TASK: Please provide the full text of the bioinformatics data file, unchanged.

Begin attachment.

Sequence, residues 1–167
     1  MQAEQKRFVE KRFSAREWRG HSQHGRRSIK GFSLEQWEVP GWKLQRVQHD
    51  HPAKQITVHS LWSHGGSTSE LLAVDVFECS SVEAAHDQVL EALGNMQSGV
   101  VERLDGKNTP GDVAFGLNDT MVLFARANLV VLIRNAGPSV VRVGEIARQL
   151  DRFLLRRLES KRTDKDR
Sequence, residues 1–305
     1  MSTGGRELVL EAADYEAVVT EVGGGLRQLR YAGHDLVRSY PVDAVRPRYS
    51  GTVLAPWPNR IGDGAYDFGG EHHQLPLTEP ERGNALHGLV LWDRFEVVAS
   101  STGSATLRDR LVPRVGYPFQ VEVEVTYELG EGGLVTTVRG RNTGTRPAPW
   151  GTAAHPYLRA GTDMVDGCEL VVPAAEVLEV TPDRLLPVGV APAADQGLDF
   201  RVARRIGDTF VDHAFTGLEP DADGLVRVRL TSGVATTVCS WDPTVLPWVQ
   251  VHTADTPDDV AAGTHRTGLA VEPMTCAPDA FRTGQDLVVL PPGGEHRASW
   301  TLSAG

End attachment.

Sequence, residues 1–167
     1  MQAEQKRFVE KRFSAREWRG HSQHGRRSIK GFSLEQWEVP GWKLQRVQHD
    51  HPAKQITVHS LWSHGGSTSE LLAVDVFECS SVEAAHDQVL EALGNMQSGV
   101  VERLDGKNTP GDVAFGLNDT MVLFARANLV VLIRNAGPSV VRVGEIARQL
   151  DRFLLRRLES KRTDKDR
Sequence, residues 1–305
     1  MSTGGRELVL EAADYEAVVT EVGGGLRQLR YAGHDLVRSY PVDAVRPRYS
    51  GTVLAPWPNR IGDGAYDFGG EHHQLPLTEP ERGNALHGLV LWDRFEVVAS
   101  STGSATLRDR LVPRVGYPFQ VEVEVTYELG EGGLVTTVRG RNTGTRPAPW
   151  GTAAHPYLRA GTDMVDGCEL VVPAAEVLEV TPDRLLPVGV APAADQGLDF
   201  RVARRIGDTF VDHAFTGLEP DADGLVRVRL TSGVATTVCS WDPTVLPWVQ
   251  VHTADTPDDV AAGTHRTGLA VEPMTCAPDA FRTGQDLVVL PPGGEHRASW
   301  TLSAG